The Jewish part of Crown Heights is a narrow island a handful of blocks in length and width.
The names; Empire Boulevard, President Street, Eastern Parkway, Montgomery Street; reflect an old vanished grandeur. Like Constantinople after the sack, there are still traces of the old empire, but the faint images of men in top hats and tails walking up the brownstone steps, slightly tipsy after a party, have given way to car alarms and broken glass. There is no longer any romance to the darkness.
Walk one block out of the way and you're suddenly in a dangerous neighborhood. Kingston Avenue is its major commercial street full of bakeries, restaurants, butcher stores, a fish store and children's clothing shops. Intersecting it is President Street; full of lush dilapidated mansions from its past history when it was known as Millionaire's Row.
Along Eastern Parkway there is a corridor that stretches to Prospect Park, Brooklyn's answer to Central Park complete with lake, swans and even a major museum. Along that corridor you can see elaborate townhouses, some with stairways stretching three stories, brownstones and massive old theaters. There are apartment buildings that could be mistaken for Park Avenue hotels and more stone columns than in some Italian cities.
These were the dwelling places and playhouses of an old wealthy Brooklyn elite that considered itself the equal of Manhattan. Its homes were as expensive and tasteful as anything around Central Park. But those homes are now in ghetto territory. Some are well-maintained; others have gone to rot. There are still graceful old apartment buildings with grand old names with the U's spelled out in V's, but they are crumbling, the asphalt outside is cracked and bored gang bangers wander around outside making defiant eye contact with anyone passing by.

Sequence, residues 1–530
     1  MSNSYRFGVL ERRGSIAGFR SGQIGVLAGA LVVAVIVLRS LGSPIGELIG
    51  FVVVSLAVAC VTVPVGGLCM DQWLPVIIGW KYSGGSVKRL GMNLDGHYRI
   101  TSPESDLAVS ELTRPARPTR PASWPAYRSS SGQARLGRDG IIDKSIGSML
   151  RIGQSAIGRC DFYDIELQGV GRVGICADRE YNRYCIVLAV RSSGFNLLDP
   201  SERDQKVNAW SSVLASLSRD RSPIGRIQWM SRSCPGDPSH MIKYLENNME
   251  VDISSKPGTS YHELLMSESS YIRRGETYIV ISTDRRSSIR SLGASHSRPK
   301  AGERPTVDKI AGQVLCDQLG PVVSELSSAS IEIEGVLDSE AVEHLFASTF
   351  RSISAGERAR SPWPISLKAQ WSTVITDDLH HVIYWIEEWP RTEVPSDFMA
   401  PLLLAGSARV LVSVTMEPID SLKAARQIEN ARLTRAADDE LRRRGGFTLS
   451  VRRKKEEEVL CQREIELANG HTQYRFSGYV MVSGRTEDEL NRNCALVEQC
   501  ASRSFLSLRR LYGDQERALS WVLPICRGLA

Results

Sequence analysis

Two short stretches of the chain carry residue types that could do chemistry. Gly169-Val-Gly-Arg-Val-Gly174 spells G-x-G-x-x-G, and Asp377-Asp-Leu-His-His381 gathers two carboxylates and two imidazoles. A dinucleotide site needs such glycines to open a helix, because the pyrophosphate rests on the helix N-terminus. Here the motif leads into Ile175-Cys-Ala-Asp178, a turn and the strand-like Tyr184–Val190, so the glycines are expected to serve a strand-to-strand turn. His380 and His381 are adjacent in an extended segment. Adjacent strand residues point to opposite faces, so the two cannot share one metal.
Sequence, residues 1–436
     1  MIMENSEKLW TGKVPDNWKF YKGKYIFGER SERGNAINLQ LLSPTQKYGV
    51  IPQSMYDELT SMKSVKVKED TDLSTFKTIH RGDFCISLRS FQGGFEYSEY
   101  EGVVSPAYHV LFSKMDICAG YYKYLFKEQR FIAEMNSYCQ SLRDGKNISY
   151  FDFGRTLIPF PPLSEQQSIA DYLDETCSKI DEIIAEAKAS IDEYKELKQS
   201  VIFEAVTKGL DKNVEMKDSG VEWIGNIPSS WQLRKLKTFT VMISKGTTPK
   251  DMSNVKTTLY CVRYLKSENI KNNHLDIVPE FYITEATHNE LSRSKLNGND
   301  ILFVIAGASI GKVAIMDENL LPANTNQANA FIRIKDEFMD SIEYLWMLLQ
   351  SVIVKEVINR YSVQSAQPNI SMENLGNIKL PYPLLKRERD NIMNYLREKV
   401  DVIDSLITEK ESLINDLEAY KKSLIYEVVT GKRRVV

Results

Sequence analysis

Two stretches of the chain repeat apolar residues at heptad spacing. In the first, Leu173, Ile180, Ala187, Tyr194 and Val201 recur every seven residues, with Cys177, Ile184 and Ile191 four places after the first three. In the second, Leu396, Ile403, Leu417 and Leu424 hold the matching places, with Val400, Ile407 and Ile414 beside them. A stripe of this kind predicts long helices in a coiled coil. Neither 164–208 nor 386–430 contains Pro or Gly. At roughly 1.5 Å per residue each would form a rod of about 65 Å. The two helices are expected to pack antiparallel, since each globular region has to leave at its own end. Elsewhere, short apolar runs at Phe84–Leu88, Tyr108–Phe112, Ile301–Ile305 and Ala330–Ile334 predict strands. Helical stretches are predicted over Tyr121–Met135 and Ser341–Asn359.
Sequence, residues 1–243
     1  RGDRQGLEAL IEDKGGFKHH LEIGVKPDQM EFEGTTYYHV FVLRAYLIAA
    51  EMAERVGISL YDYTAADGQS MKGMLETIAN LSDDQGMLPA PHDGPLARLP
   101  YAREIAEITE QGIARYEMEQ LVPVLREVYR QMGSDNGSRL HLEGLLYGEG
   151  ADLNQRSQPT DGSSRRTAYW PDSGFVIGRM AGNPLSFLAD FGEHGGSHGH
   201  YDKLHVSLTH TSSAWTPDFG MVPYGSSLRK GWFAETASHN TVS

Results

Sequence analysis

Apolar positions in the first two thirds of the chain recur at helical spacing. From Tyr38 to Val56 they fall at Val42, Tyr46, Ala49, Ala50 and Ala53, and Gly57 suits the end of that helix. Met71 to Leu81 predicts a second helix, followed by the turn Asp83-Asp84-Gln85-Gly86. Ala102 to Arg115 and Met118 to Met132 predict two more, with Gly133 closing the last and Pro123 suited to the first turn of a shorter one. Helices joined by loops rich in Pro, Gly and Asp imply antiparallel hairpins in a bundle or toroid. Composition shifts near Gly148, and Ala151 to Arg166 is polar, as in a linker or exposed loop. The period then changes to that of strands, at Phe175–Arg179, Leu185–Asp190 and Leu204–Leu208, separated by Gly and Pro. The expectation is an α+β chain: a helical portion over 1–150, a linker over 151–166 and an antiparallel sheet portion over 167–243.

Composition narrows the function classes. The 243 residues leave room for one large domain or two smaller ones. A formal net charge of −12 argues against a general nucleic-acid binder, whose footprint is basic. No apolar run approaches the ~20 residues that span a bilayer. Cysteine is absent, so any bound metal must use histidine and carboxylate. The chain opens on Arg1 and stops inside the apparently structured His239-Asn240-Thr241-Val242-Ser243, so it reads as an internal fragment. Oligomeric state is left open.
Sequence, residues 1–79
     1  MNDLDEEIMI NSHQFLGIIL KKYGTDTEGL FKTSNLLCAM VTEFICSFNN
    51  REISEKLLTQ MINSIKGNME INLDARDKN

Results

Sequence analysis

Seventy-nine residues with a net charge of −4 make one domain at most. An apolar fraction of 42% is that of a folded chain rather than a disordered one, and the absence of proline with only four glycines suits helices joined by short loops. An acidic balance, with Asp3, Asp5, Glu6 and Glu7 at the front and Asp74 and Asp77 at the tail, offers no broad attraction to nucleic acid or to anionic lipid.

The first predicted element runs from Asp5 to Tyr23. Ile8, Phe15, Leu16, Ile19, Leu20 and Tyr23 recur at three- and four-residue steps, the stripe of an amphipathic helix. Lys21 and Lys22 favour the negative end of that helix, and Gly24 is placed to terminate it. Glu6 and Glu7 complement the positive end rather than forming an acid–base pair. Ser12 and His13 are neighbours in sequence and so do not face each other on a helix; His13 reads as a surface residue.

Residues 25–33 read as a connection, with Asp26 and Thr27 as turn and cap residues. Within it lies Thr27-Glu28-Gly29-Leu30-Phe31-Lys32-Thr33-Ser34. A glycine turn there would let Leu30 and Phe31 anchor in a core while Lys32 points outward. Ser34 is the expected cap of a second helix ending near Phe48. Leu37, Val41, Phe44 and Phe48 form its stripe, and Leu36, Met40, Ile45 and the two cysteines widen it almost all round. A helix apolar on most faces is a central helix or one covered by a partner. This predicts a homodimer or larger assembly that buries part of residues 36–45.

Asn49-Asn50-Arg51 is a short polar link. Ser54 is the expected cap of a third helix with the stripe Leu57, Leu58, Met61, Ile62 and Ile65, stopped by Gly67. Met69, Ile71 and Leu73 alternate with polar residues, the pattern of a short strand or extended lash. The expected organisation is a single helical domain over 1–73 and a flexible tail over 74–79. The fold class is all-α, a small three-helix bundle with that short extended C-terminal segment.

The Crown Heights that I remember from the days when the family would visit friends who lived there was a strange bubble of temporary safety in the midst of a very dangerous area. It is one of those rare examples of what happens when the expected white flight doesn't occur, leaving a small white neighborhood in the middle of the hood. A mote in the eye of the surrounding area. A ghetto inside the ghetto.
It's not accurate to say that white flight didn't take place. There's a reason that millionaire's row is a distant memory. Even most of the Orthodox Jews fled when the outbreaks of violence began. But one Chassidic group, Chabad or Lubavitch, under the guidance of its Rebbe, decided to stick it out and form a unique neighborhood that serves as the headquarters for their worldwide presence.
On my last visit, I saw a Crown Heights that was bigger than I remembered. There were homes in place where as kids we knew not to even consider setting foot. Chassidic Jews tend to have a lot of children and in two decades population growth had made it necessary to expand beyond the square box of relatively safe and integral streets that I remembered growing up.
Those streets too had not been particularly safe. The older son of our family friends had carried a knife home for the brief walk from the bus stop to his house. He was eleven years old at the time. There were always occasional muggings and assaults, forays by huddled packs of teenagers swiftly passing through the ghetto within the ghetto at night, moving through the darkness around the warm light coming from family homes, and throwing a few punches and then vanishing again.
But Giuliani, elected in part because of the Crown Heights Pogrom perpetrated under the Dinkins administration whose staffer Bill de Blasio has been selected to replace Bloomberg, helped bring some safety back to the area. Suddenly there were Jews comfortably living on the "wrong side" of Eastern Parkway and when I walked from the massive Grand Army Plaza library (complete with heroic arch, monument garden and fountains) to the old mansions, the area did seem safer.
That was an illusion. Crime rates fell, but the underlying danger never went away. And the ghetto within the ghetto became harder to keep safe as it spilled out into the adjacent streets.
The Jewish part of Crown Heights is small enough and overpopulated enough to be full of perfect targets. An entire generation of kids is growing up never having seen the old bad Dinkins era when caution was the watchword. Few of them are likely to have ever carried a switchblade for the days when the night comes early and even a short walk from the bus stop can have a bloody end.